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Lyrid meteor shower to light up the sky tonight – here’s when and how to see it UK News

Lyrid’s annual meteor shower really kicks off tonight – with lucky skygazers expected to be treated with a flurry of shooting stars.

The shower, which has stunned people around the world for more than 2,700 years, will run from April 13 to April 27. But the peak is expected to be in the early hours of April 22.

The NASA website recommends that you research the striking phenomena in the northern hemisphere between moonset and dawn so that the moonlight does not obscure your view.

While no binoculars or telescopes are needed, observers should seek to move away from the city to avoid light pollution and bring a sleeping bag or blanket with them so they can stay warm during the show.

“Lie on your back with your feet facing east and look up, admiring the sky as much as possible,” NASA said. “After about 30 minutes in the dark, your eyes will adjust and you will start to see meteors.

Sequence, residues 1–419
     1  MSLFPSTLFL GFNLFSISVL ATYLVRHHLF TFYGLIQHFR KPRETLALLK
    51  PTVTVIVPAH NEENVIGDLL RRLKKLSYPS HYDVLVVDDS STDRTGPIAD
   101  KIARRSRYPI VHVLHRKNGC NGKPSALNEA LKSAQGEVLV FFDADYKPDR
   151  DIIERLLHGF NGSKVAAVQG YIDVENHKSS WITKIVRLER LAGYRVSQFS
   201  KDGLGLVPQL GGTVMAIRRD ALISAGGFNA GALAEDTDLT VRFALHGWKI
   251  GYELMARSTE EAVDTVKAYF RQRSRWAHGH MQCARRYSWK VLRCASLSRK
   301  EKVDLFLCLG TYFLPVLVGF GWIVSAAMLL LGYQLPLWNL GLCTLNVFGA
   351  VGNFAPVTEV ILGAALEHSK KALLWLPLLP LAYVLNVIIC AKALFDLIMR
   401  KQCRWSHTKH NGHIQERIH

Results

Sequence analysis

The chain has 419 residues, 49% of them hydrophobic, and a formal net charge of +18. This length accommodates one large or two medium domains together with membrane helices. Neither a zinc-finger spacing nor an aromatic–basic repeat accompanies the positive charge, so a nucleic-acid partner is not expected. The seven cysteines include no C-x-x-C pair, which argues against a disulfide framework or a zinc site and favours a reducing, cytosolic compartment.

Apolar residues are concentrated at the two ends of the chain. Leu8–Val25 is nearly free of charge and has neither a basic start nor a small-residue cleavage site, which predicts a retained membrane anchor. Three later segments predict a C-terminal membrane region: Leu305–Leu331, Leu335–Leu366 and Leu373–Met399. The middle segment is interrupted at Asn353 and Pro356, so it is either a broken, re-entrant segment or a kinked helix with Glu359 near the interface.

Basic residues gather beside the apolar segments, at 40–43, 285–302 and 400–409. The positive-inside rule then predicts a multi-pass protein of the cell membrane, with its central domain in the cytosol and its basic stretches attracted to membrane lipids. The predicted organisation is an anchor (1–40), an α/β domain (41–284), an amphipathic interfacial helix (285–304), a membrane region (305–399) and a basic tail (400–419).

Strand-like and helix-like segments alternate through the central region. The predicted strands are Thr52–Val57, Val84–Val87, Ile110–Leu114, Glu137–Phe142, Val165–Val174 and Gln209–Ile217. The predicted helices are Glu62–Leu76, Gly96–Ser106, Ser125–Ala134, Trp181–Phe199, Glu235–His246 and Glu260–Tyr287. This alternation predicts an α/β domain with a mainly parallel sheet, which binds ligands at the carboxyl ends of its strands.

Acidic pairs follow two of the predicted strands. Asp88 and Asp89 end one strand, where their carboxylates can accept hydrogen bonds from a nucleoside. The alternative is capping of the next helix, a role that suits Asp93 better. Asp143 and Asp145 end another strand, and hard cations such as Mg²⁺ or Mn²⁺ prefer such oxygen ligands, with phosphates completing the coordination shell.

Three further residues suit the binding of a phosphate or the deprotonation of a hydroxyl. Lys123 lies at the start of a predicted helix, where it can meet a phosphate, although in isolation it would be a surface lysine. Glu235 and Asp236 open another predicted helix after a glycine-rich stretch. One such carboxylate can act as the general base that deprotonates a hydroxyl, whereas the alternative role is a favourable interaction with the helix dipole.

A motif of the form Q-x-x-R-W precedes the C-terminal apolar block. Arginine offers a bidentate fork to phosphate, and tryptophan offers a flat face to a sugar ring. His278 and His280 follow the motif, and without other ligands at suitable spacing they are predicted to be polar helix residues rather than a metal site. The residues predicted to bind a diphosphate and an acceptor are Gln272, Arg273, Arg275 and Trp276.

“Be patient – the show will last until dawn, so you have plenty of time to catch a glimpse of it.

The Royal Observatory, Greenwich echoed this as it has said previously: “The later you wait in the morning, the higher the radiation will rise and the fewer meteors will be hidden below the horizon.

Brits were told to watch out for incredible phenomena in the wee hours of April 22
Brits were told to watch out for incredible phenomena in the wee hours of April 22

“But the closer you get to sunrise, the brighter the sky will become, so plan accordingly!”

Lyrid meteors radiate from the constellation Lyra, which can easily be spotted.

You’ll want to research Vega, who is the brightest star in the constellation, reports The Mirror.

Meteors come from the debris of comets that explode once they enter Earth’s atmosphere. The remains of the comets then disintegrate, creating fiery streaks in the sky.

According to Earthsky, the best way to see Vega is to look northeast in the sky.

The Lyrids are known to have stunned observers with up to 100 meteors in an hour.

The shower was previously sighted in Virginia in 1803, Greece in 1922, Japan in 1945 and the United States in 1982.